You’re not going to believe this, but this feature is THE most important feature to me in an EV, putting aside the headline features of the drivetrain, battery and charging technology. The same way you get addicted to the instantaneous torque of an EV drivetrain, I have become addicted to that little button ON THE KEYFOB of my Chevy Volt that starts up the climate control. I use it every … single … time … I get into my car (so at least twice daily), from inside the house as I’m getting ready to leave in the morning, and then on the way home as I’m approaching the car at my workplace. Yeah yeah, sure, I can use the smartphone app — wanna race? It takes me 3 seconds (and minimal cognitive engagement) to get the car warming up, and I can do it blind with the keyfob in my pocket. Try THAT with your smartphone. Scheduling the prestart doesn’t solve this for me because I don’t get in the car at the same time every day.
There is a “diamond” button on the i3 keyfob that acts as a panic button, but I’ve heard a rumor that it is actually *configurable*, and that climate prestart may be one of the configurable options. If so, congratulations BMW on a brilliant solution, and scratch this off the cons list! But I haven’t seen confirmation, so it remains on my short list of problems with the i3. Trust me, once you have this feature, you can’t live without it.
CHARGE PORT ON WRONG SIDE OF CAR
You will plug and unplug the car EVERY DAY. That’s at least two trips to the charge port location, and therefore it should be as close as possible to the driver’s door. BMW stuck it in the right rear corner, just about the worst possible place. I’m sure they have their reasons, but from a usability perspective it’s just all wrong. I have seen some factory photos of the CFRP passenger cell that have shown that the interior structure of the car has cutouts on BOTH sides, so it’s possible that they may relocate the port to the rear left side in the future, but for now — it’s in the wrong spot and will annoy me twice a day for my entire life with the car.
NO POWER SEATS
Power seats aren’t even available as an option. It takes me forever to get the seat adjusted just right, and thus I really want the memory function of the power seats so I can put it back the way I like it after someone else has driven the car (spouse, mechanic, etc.). A car that approaches $50,000 when loaded with options should offer power seats as one of those options. And don’t try to tell me that it’s left out for energy saving reasons, that’s simply nonsense. I’ll buy the weight savings argument, but still, this should be an option.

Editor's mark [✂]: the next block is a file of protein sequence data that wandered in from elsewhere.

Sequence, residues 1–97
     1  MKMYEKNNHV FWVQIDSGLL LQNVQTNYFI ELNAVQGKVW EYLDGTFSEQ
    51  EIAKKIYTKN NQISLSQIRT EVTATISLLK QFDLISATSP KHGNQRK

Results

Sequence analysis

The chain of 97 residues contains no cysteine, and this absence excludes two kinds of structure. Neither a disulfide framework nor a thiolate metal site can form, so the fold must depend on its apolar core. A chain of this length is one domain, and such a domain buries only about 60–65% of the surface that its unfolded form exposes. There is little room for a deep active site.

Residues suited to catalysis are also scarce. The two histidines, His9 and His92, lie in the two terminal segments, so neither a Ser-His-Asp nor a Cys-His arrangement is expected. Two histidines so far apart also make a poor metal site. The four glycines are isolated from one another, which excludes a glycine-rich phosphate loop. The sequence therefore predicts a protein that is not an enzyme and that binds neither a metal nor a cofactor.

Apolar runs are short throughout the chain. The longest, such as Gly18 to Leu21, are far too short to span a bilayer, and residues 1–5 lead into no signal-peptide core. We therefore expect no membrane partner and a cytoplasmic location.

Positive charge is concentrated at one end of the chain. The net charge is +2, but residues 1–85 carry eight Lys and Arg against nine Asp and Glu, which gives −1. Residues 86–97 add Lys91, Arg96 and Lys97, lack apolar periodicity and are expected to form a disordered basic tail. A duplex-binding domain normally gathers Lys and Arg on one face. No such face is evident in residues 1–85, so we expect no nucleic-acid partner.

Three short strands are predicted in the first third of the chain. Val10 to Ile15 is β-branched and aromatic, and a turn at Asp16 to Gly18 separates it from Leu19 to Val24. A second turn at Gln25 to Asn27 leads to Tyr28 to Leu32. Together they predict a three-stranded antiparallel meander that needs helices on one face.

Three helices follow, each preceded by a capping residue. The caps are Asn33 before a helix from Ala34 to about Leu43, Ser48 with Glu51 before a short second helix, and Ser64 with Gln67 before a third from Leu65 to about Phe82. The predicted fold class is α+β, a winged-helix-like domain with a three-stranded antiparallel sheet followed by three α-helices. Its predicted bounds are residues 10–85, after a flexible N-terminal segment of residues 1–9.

WHAT’S NOT ON THIS LIST
There are many things that other people have complained about that are NOT a problem for me:
– It’s a four seater. You can’t put three people in the back seat, even three kids, as there’s a console in the middle and no third set of seatbelts. That’s fine with me.
– There is no SOC percentage showing the exact state of the battery charge. I know the other i3 fans are screaming about this, but I could not care less. I’ll trust the indication of mileage remaining, and will eventually learn how to correct for challenging driving ahead.
– Range: 80-100 is plenty for me. In fact, using the VoltStats.net data from my last three years of Volt driving, I recently found that 80-100 is perfect for me. Give me the DCFC interface and even just a hint of a future charging network and I’ve got all I need.
I GOT OVER IT
And here we are. I’ve listed some big problems I have with the i3, and I’ve listed even more on the full EV checklist on www.ElectrifyAtlanta.com (now updated with i3 data). And yet … the drive is intoxicating. It’s got more power (more more more gimme) and can carve through turns like it’s on rails. Check out Chris Neff’s recent report on his day with an i3 as a professional race car driver flung it around a racetrack for 10 hours!
It’s got good range. It has a sunroof option, and I love the doors. It offers HD Radio and RDS, which are radio tuner features that I really wish all cars had. I even love the underdog factor of having the SAE Combo DC fast charging interface that all the Nissan and Tesla partisans are howling at. Game on, let’s go.
And so I got over it. Take my money, BMW, the sooner the better. Can I be first in Georgia again?